Shifting Sands on Petit Bois Island
Investigate natural and human impacts on barrier islands
Investigate natural and human impacts on barrier islands
Investigate Natural and Human Impacts on Petit Bois Island
Barrier islands have always changed shape and size through natural processes. But human activities have altered these processes. Now, barrier islands like Petit Bois are shrinking. How fast is the island shrinking? What will happen if Petit Bois disappears? What solutions might slow or stop that process?
In this activity you will examine maps and satellite imagery to observe and document changes in Petit Bois island, and research options for addressing these changes.
For more than 160 miles, the barrier islands of the Gulf Islands National Seashore shelter the Gulf Coast shoreline. Starting with Santa Rosa Island near Pensacola, Florida, and running west through Mississippi, ten narrow islands of shifting sand, dunes, and seagrass absorb the brunt of hurricanes, while nurturing sea turtles, shorebirds and juvenile fish. National Seashores are coastal areas managed by the National Park Service to protect natural habitat for the use and enjoyment of people. Two of the islands in Mississippi – Petit Bois and Horn Island — are so wild, that Congress also designated them as wilderness in 1978. Federal law defines wilderness as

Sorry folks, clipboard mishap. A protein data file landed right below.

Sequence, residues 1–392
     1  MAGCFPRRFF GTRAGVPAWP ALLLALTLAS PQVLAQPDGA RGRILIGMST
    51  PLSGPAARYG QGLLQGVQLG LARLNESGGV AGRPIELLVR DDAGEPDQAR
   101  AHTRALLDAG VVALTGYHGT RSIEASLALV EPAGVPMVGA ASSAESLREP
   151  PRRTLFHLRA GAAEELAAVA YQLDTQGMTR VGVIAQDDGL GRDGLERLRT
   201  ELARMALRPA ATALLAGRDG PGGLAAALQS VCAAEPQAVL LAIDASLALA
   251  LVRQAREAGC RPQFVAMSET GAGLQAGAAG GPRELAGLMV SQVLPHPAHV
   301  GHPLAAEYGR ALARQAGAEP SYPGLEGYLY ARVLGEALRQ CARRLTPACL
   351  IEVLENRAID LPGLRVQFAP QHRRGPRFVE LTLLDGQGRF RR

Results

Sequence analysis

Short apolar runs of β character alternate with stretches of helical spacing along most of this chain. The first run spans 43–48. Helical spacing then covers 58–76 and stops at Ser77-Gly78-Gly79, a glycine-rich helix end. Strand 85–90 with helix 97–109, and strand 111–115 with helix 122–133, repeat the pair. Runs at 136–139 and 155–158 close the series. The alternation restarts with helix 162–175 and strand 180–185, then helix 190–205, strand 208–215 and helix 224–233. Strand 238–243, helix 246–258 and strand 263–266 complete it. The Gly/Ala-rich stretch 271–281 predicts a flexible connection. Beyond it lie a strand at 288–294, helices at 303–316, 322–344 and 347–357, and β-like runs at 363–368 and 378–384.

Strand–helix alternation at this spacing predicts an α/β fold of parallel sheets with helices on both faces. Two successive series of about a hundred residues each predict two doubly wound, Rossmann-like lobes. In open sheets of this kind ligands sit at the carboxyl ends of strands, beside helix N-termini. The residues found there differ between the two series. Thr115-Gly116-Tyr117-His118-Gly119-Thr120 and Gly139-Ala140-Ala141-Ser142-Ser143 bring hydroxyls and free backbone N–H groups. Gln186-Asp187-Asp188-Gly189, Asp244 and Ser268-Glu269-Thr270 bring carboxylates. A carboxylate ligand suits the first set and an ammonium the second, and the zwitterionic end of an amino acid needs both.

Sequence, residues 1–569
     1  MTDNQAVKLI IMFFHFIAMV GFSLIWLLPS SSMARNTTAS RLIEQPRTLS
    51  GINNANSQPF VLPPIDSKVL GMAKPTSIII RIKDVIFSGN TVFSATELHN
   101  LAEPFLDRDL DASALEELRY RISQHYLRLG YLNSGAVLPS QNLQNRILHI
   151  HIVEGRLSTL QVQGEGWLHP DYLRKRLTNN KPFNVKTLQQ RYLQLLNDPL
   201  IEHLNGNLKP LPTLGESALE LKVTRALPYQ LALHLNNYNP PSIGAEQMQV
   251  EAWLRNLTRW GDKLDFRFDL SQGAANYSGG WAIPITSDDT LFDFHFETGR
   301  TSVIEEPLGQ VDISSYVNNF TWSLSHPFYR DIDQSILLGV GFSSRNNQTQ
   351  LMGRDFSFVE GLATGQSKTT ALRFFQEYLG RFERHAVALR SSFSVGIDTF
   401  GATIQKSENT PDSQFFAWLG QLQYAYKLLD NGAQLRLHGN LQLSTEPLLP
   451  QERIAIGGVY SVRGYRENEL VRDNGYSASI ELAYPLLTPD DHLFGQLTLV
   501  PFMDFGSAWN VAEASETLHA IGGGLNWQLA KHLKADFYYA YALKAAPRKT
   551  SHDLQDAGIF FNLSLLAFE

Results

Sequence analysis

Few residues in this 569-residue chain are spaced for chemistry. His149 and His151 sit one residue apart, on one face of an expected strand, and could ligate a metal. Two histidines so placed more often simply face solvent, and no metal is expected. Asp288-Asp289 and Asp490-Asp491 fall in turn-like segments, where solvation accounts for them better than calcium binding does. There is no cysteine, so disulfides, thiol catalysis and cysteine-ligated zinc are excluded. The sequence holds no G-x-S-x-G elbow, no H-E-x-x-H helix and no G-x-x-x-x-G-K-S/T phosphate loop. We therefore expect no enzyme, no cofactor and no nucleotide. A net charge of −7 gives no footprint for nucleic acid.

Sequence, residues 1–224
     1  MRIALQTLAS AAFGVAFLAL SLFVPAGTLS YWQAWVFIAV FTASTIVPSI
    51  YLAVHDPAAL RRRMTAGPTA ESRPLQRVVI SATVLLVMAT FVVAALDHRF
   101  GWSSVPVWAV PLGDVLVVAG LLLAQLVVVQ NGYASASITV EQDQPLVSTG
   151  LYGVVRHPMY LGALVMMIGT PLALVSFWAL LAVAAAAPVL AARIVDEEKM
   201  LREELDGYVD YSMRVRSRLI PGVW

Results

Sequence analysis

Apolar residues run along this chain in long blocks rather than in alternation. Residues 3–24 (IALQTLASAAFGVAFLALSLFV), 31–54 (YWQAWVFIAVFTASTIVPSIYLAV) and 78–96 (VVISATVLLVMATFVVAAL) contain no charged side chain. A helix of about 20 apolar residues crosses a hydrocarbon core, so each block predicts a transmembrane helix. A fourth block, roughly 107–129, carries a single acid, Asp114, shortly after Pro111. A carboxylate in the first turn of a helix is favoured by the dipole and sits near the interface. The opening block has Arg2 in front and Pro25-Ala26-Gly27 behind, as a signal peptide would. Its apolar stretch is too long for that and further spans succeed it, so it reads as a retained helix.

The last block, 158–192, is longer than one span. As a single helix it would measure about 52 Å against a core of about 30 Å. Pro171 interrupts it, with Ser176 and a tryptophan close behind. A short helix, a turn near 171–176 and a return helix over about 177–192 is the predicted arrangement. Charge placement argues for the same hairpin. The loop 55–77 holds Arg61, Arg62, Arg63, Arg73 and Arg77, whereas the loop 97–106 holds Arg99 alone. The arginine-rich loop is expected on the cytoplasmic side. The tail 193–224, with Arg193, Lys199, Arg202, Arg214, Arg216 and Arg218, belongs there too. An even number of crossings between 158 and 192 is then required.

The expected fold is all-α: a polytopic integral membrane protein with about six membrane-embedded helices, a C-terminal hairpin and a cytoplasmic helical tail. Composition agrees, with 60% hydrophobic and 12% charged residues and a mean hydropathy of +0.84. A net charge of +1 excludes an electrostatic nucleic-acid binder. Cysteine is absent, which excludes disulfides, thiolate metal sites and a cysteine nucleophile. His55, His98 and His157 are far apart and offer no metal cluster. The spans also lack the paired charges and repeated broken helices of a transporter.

Wilderness areas are places where nature is supposed to take its course, and people enjoy these places in their wild state. But even in wilderness, human activities outside the area can unintentionally alter that course.